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School records

Most Dorset schools kept records fairly systematically from the mid to late nineteenth century onwards. School records can be particularly illuminating for family and local history.

Elementary education during the first half of the nineteenth century was primarily dependent on the provision of schools by the Church and by various charities. The role of the state was extended from the late nineteenth century onwards with many new schools being established.

After 1870 most children between the ages of 5 and 10 should be going to school. After 1880, schooling until age 10 was compulsory (though in practice non-attendance was still widespread in places).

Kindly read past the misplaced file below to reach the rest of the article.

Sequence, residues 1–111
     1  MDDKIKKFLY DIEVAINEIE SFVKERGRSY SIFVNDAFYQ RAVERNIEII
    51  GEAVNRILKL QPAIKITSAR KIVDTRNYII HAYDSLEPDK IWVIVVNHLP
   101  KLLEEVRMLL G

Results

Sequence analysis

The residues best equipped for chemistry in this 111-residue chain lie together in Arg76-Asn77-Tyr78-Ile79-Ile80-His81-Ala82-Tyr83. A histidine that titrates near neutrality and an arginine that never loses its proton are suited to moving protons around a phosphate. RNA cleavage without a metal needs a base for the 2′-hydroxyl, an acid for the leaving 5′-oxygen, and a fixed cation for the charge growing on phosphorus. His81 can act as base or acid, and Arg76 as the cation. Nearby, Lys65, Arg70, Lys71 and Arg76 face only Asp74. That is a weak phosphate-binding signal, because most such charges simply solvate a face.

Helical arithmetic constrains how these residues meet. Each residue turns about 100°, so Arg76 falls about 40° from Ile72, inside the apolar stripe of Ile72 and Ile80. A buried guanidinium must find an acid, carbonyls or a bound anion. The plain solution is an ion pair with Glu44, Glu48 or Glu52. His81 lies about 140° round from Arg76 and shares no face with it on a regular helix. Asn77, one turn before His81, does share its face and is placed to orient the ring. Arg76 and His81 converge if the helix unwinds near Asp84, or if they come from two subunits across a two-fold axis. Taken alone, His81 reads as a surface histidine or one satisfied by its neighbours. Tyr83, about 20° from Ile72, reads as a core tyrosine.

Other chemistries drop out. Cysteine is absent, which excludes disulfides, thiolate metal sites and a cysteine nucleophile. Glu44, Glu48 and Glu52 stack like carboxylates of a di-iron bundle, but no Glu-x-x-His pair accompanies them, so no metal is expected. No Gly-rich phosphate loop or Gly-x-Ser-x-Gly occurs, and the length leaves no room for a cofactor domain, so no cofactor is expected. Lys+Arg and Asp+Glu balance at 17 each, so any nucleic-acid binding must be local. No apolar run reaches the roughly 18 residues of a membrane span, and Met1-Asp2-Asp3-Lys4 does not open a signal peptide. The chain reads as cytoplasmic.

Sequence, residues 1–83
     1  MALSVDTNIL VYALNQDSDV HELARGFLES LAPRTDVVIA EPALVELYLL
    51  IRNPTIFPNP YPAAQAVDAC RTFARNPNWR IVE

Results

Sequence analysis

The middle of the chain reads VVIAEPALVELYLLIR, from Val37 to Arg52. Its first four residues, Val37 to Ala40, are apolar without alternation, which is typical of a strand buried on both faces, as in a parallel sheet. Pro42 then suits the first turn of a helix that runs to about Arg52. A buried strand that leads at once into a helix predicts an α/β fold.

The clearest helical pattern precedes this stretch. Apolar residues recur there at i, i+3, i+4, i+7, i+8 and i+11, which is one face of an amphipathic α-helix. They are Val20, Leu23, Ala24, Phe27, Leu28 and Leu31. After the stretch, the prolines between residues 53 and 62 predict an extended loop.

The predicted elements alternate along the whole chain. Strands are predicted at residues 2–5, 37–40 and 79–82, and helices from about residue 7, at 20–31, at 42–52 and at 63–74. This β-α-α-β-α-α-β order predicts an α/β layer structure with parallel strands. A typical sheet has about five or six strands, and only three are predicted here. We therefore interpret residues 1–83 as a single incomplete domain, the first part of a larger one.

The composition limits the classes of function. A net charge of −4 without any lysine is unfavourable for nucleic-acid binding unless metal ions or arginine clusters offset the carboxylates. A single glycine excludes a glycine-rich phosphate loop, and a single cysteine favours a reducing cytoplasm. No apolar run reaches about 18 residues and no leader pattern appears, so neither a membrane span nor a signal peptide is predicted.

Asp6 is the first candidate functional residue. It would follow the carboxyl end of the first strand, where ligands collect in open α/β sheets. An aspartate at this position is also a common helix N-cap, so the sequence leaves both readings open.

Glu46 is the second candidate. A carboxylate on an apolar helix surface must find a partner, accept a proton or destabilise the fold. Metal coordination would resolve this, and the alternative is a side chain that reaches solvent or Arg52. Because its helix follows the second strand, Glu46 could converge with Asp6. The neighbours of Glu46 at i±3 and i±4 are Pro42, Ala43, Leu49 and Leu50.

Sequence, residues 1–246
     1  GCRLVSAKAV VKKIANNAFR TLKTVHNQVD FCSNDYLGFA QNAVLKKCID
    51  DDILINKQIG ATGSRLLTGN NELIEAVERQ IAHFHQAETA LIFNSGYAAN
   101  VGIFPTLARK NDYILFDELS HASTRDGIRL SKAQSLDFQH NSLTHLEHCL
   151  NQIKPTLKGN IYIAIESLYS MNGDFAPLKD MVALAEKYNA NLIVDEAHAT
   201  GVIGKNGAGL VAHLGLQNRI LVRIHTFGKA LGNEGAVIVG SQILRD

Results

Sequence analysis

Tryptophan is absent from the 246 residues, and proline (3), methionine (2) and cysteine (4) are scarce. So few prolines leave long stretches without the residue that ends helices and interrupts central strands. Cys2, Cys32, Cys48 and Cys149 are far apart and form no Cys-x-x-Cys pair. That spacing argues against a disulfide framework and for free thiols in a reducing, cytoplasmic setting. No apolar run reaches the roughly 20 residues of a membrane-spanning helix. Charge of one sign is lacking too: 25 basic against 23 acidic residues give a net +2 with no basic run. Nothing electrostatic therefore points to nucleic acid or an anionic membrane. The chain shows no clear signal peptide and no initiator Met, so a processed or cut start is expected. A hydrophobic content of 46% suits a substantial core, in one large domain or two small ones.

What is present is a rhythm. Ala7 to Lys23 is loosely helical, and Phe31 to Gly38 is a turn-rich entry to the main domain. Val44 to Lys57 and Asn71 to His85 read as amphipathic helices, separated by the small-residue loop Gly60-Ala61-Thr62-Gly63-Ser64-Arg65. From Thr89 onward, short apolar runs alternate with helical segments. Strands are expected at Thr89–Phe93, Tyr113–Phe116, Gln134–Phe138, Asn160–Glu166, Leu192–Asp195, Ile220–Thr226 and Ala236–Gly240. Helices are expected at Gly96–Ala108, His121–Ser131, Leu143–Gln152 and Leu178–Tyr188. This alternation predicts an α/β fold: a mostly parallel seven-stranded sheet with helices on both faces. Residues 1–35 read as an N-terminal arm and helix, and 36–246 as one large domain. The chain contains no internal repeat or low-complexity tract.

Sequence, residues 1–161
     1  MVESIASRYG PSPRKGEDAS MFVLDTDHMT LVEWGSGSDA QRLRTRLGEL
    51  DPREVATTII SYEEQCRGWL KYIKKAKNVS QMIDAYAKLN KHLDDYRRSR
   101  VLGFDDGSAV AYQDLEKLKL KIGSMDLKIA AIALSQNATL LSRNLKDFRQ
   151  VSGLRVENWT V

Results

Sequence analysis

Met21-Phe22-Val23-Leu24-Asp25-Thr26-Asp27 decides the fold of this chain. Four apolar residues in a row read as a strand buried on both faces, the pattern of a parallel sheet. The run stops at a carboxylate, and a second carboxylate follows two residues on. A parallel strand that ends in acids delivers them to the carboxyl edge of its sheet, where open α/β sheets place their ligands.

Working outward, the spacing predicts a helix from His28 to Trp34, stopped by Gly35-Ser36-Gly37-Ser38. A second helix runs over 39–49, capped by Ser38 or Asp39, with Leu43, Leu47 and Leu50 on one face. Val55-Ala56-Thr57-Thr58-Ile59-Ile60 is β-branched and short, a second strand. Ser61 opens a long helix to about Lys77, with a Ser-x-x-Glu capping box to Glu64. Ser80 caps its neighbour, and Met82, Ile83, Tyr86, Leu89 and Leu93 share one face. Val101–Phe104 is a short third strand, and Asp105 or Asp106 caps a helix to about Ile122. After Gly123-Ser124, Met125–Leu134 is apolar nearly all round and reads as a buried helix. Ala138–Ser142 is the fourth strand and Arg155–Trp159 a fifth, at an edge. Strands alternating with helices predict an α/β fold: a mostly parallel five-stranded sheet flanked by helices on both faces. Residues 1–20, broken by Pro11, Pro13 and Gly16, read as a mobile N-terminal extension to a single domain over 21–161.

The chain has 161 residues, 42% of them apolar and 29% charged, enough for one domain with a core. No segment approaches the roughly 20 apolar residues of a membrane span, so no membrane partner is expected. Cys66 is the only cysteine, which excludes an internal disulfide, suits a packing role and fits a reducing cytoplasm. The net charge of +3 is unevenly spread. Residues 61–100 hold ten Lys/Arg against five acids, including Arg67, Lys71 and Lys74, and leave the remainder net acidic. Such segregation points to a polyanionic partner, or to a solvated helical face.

So from the 1880s onwards, chances are most of your ancestors should have attended school, most likely the school nearest to their home.

Use our guide to school records (pdf, 19kb) (opens in a new window) to help with your research.

School records include:

  • Admission Registers
  • Log Books
  • Other school records, including: attendance registers, photographs, school publications, punishment books, governors' minutes and other papers, and HM Inspector's reports (a sort of early OFSTED report)

Please note that some school records may be under restricted access. In most cases this will simply mean that you are required to sign a Data Protection Form, declaring that you will use the information from these records for personal research only and not for publication. In a few instances access to records may be closed to protect the rights of those mentioned in the documents.

If you are responsible for records generated by a school and are interested in depositing them, see our information for depositors page.

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